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Calling out my catcallers: How I respond to catcalling

Calling out my catcallers: How I respond to catcalling

If you’re a girl, there’s a 100% chance that you’ve been catcalled before. Passing by a group of guys on the streets is a scary feat, because they would look at you with preying eyes, as if you’re just some piece of meat for the taking instead of an actual human being. And like most of us women have experienced, these men won’t be afraid to voice it out. Often, it is easier for girls to just look down, walk faster, and hope that they won’t do anything more than spout some words, but sometimes, everything tends to get really exhausting. When will the world be a safe place for women?

A lot of attention has been given to the issue, especially after the #MeToo movement, with women all over the world sharing their horrible experiences with street harassment and catcalling. There have even been guys attempting to absolve themselves from being called out (Sorry to pop your bubble, but the “not all men” excuse is actual trash).

And despite all that, still, catcalling remains in everyday lives of women. We’re not at all required to respond to these assholes (and by all means, if you aren’t comfortable with actually facing or speaking to them, then don’t). However, sometimes, if we feel safe enough to call them out, it can help us cope with the reality women have to go through on a daily basis. And hey, it may feel good to just get them off their high horse and catch these gross catcallers off guard. Though some dudes out there might never learn, it doesn’t hurt to show them that what they’re doing is wrong.

With some here I’ve actually tried and tested myself, here are some creative ways for women to respond to catcallers.

Shower them with profanities

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I vividly remember the first time I acted against a catcaller. A guy was walking towards my direction, and when he reached me, he looked at me from head to foot and said, “Wow!” in a very very creepy manner. He continued walking after that, as if he didn’t do anything wrong. I wasn’t having it. After recovering from the shock, I turned around and shouted a string of curses directed to him. He turned to look at me with scared eyes and then ran away. Guess who’s scared now?

Stare at them with a poker face for a good minute to creep them out

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Be creepier than your catcaller by staring at him for at least a minute. Put on your best disturbed face, maybe even act like you’re cutting an imaginary dick to show him what you could do. Or better yet, show him some scissors and make cutting gestures to let him know what his future holds.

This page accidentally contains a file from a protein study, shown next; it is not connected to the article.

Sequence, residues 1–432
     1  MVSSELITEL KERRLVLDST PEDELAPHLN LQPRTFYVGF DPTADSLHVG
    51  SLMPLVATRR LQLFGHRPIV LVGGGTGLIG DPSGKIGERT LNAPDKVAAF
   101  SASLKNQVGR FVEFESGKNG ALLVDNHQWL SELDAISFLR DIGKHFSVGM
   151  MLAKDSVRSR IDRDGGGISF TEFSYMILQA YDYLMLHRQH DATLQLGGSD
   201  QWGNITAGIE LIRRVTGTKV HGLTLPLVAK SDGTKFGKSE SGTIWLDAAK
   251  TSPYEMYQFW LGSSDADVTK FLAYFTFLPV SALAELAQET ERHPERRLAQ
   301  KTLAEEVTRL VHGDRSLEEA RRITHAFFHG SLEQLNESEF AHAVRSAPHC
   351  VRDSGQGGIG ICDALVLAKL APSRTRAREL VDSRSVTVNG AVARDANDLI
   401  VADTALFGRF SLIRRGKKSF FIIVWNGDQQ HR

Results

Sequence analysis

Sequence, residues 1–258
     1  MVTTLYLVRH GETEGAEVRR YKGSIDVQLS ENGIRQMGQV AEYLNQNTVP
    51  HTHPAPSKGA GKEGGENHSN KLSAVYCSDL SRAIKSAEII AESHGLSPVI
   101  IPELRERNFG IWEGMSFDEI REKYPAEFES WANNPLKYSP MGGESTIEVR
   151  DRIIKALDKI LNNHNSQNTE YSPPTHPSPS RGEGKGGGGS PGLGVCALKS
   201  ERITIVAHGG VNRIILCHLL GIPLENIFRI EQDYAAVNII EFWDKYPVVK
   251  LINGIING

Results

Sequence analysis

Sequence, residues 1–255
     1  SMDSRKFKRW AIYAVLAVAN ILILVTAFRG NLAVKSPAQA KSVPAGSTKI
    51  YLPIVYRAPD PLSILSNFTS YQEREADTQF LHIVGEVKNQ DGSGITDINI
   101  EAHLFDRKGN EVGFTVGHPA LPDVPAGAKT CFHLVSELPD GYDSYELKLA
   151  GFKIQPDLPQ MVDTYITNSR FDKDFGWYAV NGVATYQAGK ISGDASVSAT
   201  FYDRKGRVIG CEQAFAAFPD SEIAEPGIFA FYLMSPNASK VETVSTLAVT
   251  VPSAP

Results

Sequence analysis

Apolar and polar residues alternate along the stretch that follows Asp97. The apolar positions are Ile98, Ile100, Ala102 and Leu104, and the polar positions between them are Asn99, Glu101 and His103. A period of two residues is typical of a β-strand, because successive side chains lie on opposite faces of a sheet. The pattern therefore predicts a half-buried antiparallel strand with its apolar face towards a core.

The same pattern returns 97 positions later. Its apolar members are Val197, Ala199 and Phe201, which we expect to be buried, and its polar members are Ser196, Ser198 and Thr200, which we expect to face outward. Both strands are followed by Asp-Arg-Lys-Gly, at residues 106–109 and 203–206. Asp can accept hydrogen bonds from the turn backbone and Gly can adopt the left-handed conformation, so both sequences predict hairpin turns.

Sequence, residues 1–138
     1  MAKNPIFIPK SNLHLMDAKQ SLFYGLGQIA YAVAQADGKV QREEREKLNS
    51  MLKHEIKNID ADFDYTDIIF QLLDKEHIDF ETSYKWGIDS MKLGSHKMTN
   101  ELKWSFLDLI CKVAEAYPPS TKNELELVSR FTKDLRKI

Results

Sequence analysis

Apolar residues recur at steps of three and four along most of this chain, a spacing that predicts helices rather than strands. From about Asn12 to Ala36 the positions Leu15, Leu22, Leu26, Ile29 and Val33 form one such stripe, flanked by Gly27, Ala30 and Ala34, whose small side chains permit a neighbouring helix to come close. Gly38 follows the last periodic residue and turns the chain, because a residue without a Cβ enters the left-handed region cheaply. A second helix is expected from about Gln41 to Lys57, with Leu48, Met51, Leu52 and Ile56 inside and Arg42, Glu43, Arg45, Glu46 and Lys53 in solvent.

Catcall them back

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We all know that catcalling isn’t really a guy’s way of complimenting us. It’s a way to assert dominance, to show their macho side, to intimidate. If you ever pass by some strange men who just can’t keep it in their pants, stand your ground and show them that you’re not one to cower. Return the favor by showing some sass and say, “Ikaw din kuya, ganda ng legs mo!” Show them who the real boss is.

Pretend you’re calling the police

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If a guy tries to harass you, get your phone out and pretend to dial 911. Make sure he hears as you “report” him to the officials. That ought to teach him a lesson not to mess with you. (But really, you can call 911 and report these assholes. Remember that garbage truck driver who got fired because he catcalled someone?)

Ask them what their mother would think of them

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Not everyone has a wife, sister, or girlfriend, but everyone sure has a mother. Guilt trip a catcaller by asking him how his mom would feel if she knew that he’s a street harasser. Maybe then he’ll understand what basic decency is.

The campaign against sexual harassment is an ongoing battle, but luckily, the government is starting to take notice of it. In Quezon City, sexual harassment is penalized, and a lot of offenders, including cops, have already been charged. A simple wolf whistle can get you to jail.

If you ever experience street harassment, report it immediately to the authorities by calling 911 or going to the nearest police station.

By Bea Amador
Art by Isabel Drilon

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